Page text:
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creation myth

By daniellecave22 Feb 05, 2015 1492 Words
How do you define creation? Creation is the “act of producing or the cause to exist” (Dictionary, 2012, pg.1). There are many different answers depending on the part of the world u were raised in and the culture you are part of. One of the biggest mysteries that scientists are still faced with today is how the world was created. Every culture in the world has their own idea of how the world was created. The sky, earth and underworld are all represented through the creation myths. Creation myths indicate whether the creators were male or female, also depicting the importance of their gender.

These myths exemplify creation and the steps taken to establish it. They describe destruction and the destroyers that cause it. Each culture around the world has different myths that describe the various cosmic and natural occurrences that happen. All creation myths have similarities and differences in the steps of creation and cosmic elements, as well as their creators and creations.

The two myths chosen for this reading are the Genesis Creation (Hebrew origin) of the Christian culture and the Norse culture of Iceland (the Vikings). Both of these creation myths begin with a barrenness where conflict and chaos eventually develop. The Genesis conflict is between God, nothing, blackness, emptiness, loneliness and the need to create something. The Norse conflict is between the dark cold realm of Niflheim and the realm of Muspell where nothing can grow.

There are nine classifications of creation myths. Most myths include more than one motif. Both ex nihilo and deusfaber motifs are applied in the Genesis creation myth. God creates out of nothing, the light, the dark, the sun, the moon, the earth, the stars, plants, animals, birds and fish all within six days. This account is told in the first book of the Old Testament, Genesis. Next, God creates Adam, a man, in his own image from the dust of the earth and breathes life into him. God then realizes that Adam should not be alone and puts him in a deep slumber. While asleep God takes a rib from his side and creates woman, Eve.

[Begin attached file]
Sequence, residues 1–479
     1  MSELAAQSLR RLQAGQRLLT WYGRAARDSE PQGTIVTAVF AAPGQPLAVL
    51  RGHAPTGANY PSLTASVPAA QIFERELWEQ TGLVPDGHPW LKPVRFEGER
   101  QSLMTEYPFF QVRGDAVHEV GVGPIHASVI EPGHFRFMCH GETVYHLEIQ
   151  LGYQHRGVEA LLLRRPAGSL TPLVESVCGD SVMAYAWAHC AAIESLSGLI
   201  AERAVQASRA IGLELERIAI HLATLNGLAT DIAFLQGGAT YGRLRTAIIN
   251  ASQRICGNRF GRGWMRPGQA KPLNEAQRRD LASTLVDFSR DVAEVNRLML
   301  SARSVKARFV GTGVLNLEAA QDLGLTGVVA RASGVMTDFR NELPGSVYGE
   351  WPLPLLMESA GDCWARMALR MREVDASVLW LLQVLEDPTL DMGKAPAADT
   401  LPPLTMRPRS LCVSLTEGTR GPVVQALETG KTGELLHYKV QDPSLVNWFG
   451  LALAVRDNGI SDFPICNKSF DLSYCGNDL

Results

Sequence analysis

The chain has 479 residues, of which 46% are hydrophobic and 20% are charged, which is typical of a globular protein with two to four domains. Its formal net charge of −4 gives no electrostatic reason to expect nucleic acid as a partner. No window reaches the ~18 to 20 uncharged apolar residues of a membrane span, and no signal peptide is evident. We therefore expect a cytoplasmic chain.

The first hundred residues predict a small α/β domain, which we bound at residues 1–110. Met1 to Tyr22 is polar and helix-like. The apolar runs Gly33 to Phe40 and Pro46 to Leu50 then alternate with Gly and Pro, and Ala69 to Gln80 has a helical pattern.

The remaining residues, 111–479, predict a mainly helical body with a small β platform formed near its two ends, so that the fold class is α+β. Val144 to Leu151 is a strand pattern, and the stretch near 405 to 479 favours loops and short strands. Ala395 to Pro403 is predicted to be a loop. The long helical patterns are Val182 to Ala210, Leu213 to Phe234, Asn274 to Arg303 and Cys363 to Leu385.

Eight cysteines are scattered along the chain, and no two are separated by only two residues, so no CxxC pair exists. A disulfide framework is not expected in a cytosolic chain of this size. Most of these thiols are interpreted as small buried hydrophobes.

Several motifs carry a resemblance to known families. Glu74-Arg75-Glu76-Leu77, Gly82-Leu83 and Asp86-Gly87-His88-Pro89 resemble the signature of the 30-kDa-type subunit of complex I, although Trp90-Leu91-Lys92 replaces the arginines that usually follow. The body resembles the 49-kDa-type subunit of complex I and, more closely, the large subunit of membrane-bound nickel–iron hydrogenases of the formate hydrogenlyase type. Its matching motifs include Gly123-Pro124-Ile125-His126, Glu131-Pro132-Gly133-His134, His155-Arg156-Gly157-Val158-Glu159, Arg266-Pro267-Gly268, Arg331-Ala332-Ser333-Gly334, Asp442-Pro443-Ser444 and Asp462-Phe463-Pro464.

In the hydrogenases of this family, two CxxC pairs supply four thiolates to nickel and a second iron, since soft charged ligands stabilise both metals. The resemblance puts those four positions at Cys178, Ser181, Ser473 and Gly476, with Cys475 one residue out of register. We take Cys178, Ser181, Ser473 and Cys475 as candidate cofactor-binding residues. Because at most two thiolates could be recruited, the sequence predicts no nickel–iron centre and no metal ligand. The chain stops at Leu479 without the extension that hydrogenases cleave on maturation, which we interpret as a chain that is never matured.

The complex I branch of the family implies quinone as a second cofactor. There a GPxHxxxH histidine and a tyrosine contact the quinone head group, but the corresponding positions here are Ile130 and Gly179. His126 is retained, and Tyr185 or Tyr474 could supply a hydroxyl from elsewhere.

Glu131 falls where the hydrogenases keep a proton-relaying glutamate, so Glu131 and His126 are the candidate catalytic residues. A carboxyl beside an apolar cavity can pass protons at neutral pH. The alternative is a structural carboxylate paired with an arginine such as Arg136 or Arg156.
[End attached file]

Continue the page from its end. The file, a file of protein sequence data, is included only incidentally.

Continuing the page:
The Norse creation myth combines the secretion, sacrifice, and accretion motifs. This myth conjoins the elements of fire and ice. The myths begins with Muspells warm breath meeting with Nieflheim, the artic frost, and causing the ice to melt. This meeting produces water droplets that come to life and create the evil giant Yamir. As Yamir sleeps sweat dripping from his armpit drop to create the first man and woman. The other giants grow to hate Yamir and eventually mutilate and slay him.

In the Genesis creation myth, the earth is floating matter that is formless and the darkness covered the waters. The God spirit covered the water surface and created the heavens and the earth below. According to biblical authors, the cosmos is a flat disc shaped earth in the center, with heaven above and the underworld below. The cosmic sea is below the earth and is home of mythic monsters that were slain by God.

The Norse culture were also known as Vikings. In their perception the cosmos was divided into three levels. Asgard,Aesir is the upper level where Odin, the fertility gods and light elves lived. Dwarves, giants, men and dark elves lived in Midgard, the middle level. The lower level, also known as the underworld, was called Niflheim. Niflheim is where the evil dead died a second death in the fortress city of Hel.

The earth was a dark, empty, formless matter according to the book of Genesis. Then the Spirit of God covered the waters to prepare and perform his most creative work (Fairchild, 2013). God spoke and his creation was formed. Day one, “God created the light and separated the light from the darkness, calling light “day” and darkness “night” (Fairchild, 2013, para 2). Day two, “God created an expanse to separate the waters and called it sky” (Fairchild, 2013, para 3). Day three, “God created the dry ground and gathered the waters, calling the dry ground “land” and the gathered waters, “seas” (Fairchild, 2013, para. 4). He also created plants, flowers, grasses and trees on the third day. Day four, “God created the sun, moon and the stars to give light to the earth and to govern and separate the day and the night” (Fairchild, 2013, para. 5). These things also serve to mark the days, seasons and years. Day five, “God created every living creature of the seas and every winged bird, blessing them to multiply and fill the waters and the sky with life” (Fairchild, 2013, para. 6). Day 6, “God created the animals to fill the earth” (Fairchild, 2013, para. 7). Next God created man in his own image, both male and female and Iearth to cultivate and care for it and every living thing upon earth (Genesis 1:28). On day seven, God was through with his work and blessed the seventh day making it a day of rest.